The New Canada: A «Globe and Mail» Report on the Next Generation

Description

297 pages
Contains Photos, Illustrations
$24.99
ISBN 0-7710-0752-3
DDC 971'.071

Year

2004

Contributor

Reviewed by Kimberly J. Frail

Kimberly J. Frail is a librarian in the Science and Technology Library
at the University of Alberta.

Public Services Librarian
University of Alberta Libraries
Bibliothèque Saint-Jean

Review

In his introduction, Edward Greenspon, editor-in-chief of The Globe and
Mail, claims that the nation’s citizens are demonstrating a new form
of nationalism and confidence, embodied by such tendencies as embracing
multiculturalism and mixed-race marriages, the increasing acceptance of
freedom of choice for personal lifestyle choices (such as sexual
orientation), and an “overwhelming attachment” to the nation. These
tendencies were examined in The Globe and Mail’s New Canada series in
2003, which was updated to form the basis of this book.

To rein in such an unwieldy topic, the project directors decided to
focus on Canadians in their 20s as, by virtue of their age, they are
active participants in most aspects of society (voting, parenting,
working, studying, travelling, etc.). These tendencies are illustrated
via numerous interviews with young Canadians as well as data from an
Ipsos-Reid poll of 2000 Canadians conducted in 2003. The interviews help
put a face to the larger societal trends discussed by the book’s
contributors. Interviewees are predominantly from larger urban centres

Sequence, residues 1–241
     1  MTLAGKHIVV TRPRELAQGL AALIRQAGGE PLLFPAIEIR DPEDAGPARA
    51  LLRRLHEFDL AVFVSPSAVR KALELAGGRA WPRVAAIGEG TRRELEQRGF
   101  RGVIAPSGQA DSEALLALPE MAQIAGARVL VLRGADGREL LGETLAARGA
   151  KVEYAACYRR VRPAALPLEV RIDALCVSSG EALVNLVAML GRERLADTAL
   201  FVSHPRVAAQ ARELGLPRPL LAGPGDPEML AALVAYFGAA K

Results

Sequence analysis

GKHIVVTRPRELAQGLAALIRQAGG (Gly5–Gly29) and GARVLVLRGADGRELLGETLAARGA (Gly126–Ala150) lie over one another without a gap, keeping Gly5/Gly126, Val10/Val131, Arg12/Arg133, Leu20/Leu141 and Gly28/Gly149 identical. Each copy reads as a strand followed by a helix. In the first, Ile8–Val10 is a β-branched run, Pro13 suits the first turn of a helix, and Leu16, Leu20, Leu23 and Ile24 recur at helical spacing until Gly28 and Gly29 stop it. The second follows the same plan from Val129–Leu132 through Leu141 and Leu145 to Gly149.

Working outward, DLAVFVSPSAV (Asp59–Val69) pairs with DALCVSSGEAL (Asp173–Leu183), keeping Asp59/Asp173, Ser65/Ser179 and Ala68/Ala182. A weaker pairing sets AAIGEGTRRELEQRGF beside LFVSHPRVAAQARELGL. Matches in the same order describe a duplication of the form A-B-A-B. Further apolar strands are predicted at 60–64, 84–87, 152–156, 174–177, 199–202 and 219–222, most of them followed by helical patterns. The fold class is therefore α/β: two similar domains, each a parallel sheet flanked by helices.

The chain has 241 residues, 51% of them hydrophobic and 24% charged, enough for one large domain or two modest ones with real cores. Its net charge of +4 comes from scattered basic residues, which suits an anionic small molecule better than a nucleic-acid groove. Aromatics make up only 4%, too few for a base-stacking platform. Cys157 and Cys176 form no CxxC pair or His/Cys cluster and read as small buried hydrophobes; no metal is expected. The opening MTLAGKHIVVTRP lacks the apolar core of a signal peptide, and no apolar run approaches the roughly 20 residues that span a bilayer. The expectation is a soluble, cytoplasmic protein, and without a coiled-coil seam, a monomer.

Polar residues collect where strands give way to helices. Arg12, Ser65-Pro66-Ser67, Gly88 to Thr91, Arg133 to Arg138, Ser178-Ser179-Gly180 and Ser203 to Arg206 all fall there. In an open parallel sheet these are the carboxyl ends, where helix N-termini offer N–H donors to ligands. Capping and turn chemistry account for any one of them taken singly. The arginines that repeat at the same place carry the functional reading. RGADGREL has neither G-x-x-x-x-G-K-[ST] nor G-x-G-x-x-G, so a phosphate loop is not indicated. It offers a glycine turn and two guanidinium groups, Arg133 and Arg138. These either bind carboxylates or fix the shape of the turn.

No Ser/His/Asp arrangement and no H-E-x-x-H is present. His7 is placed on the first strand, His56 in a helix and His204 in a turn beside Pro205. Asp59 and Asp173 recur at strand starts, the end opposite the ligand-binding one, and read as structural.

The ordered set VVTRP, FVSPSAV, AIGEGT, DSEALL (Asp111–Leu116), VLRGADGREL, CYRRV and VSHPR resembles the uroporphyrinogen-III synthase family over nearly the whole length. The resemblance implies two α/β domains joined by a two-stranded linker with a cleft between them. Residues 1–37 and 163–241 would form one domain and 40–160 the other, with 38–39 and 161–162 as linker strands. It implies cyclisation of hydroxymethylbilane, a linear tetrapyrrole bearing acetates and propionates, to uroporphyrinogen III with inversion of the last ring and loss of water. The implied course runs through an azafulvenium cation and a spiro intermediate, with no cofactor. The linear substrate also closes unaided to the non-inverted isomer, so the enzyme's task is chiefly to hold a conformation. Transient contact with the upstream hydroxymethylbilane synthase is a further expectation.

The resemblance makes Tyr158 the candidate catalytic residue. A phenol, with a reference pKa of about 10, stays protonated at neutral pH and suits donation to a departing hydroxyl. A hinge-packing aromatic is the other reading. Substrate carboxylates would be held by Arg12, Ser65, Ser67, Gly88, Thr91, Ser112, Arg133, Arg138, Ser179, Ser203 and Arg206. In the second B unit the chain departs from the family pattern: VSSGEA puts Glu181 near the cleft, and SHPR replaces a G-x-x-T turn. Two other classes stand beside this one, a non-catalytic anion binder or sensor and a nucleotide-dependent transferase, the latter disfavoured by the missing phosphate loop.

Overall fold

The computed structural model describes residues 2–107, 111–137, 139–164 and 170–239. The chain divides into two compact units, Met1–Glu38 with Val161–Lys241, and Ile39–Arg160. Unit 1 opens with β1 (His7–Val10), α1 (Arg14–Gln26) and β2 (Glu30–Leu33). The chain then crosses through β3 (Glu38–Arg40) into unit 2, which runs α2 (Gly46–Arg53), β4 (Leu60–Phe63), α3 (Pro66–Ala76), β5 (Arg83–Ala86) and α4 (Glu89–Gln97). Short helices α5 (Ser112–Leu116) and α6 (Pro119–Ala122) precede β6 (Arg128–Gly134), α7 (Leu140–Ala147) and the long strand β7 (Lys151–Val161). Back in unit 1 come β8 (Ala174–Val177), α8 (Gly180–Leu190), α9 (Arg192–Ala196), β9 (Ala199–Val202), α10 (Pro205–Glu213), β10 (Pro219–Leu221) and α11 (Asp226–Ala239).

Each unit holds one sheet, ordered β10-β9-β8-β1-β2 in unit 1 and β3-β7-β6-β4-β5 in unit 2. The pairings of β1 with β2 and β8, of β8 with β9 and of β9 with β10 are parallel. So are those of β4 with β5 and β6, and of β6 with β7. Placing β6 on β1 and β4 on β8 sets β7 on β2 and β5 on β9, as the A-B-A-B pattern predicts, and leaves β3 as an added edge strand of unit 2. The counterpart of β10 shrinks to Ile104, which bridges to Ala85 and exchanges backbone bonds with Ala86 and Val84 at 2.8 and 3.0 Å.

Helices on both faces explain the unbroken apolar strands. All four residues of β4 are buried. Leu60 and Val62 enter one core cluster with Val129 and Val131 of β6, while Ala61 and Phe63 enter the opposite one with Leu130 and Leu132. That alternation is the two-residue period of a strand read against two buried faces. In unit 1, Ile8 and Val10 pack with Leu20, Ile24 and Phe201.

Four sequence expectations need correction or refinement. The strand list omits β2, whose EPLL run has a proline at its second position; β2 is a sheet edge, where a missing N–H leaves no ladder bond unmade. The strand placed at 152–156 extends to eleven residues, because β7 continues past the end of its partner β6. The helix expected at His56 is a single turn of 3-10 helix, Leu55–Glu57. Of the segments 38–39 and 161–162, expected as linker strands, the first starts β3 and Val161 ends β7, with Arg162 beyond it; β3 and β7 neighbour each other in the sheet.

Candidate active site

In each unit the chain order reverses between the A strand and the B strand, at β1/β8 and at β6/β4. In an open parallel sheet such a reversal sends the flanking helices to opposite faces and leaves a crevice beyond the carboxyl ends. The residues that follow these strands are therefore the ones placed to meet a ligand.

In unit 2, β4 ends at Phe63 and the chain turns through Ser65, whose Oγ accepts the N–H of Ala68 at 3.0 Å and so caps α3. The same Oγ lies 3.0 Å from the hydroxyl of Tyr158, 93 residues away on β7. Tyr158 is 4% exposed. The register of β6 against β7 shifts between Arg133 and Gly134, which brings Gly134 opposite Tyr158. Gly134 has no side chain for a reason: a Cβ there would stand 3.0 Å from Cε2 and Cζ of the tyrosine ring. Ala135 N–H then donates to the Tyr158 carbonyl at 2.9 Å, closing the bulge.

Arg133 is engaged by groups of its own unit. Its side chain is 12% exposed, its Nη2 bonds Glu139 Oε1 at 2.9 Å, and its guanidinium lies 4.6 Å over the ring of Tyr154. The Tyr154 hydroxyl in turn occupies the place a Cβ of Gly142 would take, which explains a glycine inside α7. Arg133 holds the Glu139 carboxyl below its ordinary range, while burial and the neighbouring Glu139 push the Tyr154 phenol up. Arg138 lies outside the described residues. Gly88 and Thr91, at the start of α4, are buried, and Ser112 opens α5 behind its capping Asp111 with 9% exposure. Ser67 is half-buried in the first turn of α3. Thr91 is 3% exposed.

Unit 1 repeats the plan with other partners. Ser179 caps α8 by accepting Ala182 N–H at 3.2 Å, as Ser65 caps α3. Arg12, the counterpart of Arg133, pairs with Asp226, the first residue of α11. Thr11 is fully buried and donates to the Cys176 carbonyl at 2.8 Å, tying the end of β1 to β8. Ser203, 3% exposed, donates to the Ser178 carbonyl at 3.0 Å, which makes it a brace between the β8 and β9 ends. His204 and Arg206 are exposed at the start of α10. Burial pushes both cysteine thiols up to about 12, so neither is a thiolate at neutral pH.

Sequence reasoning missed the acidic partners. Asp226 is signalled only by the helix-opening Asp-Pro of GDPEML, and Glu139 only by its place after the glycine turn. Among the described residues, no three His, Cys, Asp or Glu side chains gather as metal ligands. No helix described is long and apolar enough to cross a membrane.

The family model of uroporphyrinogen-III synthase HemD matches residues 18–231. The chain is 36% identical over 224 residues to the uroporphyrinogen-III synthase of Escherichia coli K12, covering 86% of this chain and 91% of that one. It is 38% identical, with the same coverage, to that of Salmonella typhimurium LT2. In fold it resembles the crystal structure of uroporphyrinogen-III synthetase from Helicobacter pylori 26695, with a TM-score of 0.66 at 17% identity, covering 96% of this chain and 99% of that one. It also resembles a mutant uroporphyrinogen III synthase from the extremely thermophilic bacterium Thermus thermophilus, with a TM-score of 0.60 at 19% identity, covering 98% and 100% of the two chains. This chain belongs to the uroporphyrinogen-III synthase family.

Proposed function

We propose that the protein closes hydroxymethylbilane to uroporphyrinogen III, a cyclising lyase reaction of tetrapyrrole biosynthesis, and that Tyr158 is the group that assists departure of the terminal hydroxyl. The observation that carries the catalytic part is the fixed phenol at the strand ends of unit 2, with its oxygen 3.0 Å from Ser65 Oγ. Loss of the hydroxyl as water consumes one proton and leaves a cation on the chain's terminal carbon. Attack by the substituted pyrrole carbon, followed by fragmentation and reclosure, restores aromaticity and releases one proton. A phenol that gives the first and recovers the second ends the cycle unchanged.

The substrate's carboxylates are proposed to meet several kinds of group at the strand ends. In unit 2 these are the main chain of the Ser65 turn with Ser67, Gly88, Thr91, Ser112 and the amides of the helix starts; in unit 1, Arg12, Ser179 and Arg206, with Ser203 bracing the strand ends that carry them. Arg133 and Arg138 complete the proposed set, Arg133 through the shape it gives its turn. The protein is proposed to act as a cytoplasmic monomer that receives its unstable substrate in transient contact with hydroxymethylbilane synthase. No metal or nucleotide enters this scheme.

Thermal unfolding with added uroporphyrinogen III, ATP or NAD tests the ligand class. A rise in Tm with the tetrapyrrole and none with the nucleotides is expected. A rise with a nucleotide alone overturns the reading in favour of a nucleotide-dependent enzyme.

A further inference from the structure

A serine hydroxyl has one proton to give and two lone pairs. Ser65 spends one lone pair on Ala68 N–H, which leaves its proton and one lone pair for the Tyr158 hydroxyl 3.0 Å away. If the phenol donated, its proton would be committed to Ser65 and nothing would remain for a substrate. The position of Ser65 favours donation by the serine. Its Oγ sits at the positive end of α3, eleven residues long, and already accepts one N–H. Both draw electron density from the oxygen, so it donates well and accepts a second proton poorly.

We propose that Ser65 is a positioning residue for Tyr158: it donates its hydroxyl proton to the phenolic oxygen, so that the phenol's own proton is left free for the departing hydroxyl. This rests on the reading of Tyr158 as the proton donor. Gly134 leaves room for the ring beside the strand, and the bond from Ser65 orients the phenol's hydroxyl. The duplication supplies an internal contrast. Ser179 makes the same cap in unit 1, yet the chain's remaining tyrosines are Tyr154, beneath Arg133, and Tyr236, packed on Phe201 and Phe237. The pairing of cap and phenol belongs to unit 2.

such as Vancouver, Calgary, Toronto, and Montreal. But one trend
revealed in both the 2001 Census of Canada and the Ipsos-Reid poll is
that more and more Canadians, particularly young Canadians, live in
urban centres; thus, focusing on this demographic is somewhat
appropriate and consistent with the book’s overarching themes.

Although the book is chock full of immigrant success stories and
celebrations of the vibrant new multiculturalism embodied by areas such
as Toronto’s Bloor Street, some sections address racial tensions such
as those that linger in the meat-packing town of Brooks, Alberta, where
Sudanese immigrants and self-described “rednecks” work side by side.
Numerous charts appear throughout the book, and an appendix provides
quantitative evidence to reinforce some of the ideas and trends gleaned
from the interviews. The book concludes with the chapter
“Contradictions in the New Canada” by Matthew Mendelsohn, which acts
as a summary and raises some interesting open-ended questions about
future directions for Canadian society.

Citation

Anderssen, Erin, and Michael Valpy et al., “The New Canada: A «Globe and Mail» Report on the Next Generation,” Canadian Book Review Annual Online, accessed April 13, 2024, https://cbra.library.utoronto.ca/items/show/14512.